The family owned a THIRD Rembrandt !!which must have been left in the Moika palace, hidden with all the other wonderful pictures.Bet Felix could have kicked himself for not having taken that south not to mention more jewelry .......The story of the Widener court case is mentioned in detail in S N Bermans "Duveen".
Title: Re: The Yusupov fortune - what happened after 1917 ?
Post by: lancashireladandre on September 28, 2005, 03:11:18 PM
The third Rembrandt was of a young boy.Has anybody any idea of it's current location?.
Title: Re: The Yusupov fortune - what happened after 1917 ?
Post by: amelia on September 28, 2005, 06:38:57 PM
I  remember reading that the Prince sold the two painting to Widener, with the contract of buying them back in a number of years.  When the time came, Prince Youssupov did not have the money, then his friend the Hungarian philantropist Clouste Gulbienken lent him the money. Then the Prince went to NY to buy his paintings back. Widener refused to sell them on the grounds that the money was not the Prince's but Gulbienken's money. They went to court and the court rulled in favour of Widener.  I think it was miscarriage of justice.

Unfortunately I do not remember where I read this, maybe in Greg King's book on in Lost Splendor.

Amelia
Title: Re: The Yusupov fortune - what happened after 1917 ?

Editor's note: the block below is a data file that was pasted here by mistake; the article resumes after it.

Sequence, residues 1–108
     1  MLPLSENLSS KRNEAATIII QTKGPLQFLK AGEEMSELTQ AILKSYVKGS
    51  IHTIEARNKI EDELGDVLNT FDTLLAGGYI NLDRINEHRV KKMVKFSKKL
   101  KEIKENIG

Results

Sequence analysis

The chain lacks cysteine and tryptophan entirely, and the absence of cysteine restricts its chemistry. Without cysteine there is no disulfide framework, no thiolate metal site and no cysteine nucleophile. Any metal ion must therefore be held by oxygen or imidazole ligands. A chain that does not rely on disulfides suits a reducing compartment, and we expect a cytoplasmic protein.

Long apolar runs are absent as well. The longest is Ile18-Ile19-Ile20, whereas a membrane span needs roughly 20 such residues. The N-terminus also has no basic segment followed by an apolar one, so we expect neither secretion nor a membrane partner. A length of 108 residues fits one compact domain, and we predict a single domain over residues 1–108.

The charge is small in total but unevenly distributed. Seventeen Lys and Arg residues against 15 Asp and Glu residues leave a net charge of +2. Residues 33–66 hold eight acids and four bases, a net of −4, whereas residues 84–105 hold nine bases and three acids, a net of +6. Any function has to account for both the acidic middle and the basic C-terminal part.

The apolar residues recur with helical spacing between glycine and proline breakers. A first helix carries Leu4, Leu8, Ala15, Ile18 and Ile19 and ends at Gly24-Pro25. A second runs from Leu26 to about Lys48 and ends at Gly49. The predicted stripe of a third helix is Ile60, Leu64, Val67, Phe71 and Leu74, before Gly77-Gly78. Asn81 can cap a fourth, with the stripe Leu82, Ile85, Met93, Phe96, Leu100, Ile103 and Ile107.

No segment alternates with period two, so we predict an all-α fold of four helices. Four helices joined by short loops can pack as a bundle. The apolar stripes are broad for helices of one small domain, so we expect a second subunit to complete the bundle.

Post by: YH on November 14, 2016, 10:18:48 AM
The Admin answered this correctly. But the story of the Rembrandts is larger and well researched for my novel hopefully to be launched in 2006. It is the story of these paintings from 1660 to 1942. No one knows when Nikolai Borisovich (the first one) acquired them. The exhibit book from the Pushkin's 2003 exhibit says "sometime before 1805." I place it during the French Revolution as he was in Europe at that time. How they got from the Moika Palace in 1917 to the NGA in 1942 involves the conflict between the Prince and Widener. I have studied the trial and all other available records. It was a typical Russian/American business deal where both were wrong in their motives, but Widener right by interpretation of the law. You will have to wait for the novel to get it all and judge for yourself.


Did you publish your novel?
Title: Re: The Yusupov fortune - what happened after 1917 ?
Post by: YH on March 17, 2018, 03:57:34 AM
Paintings are in the National gallery of Arts in Washington. We visited them last in December 2017.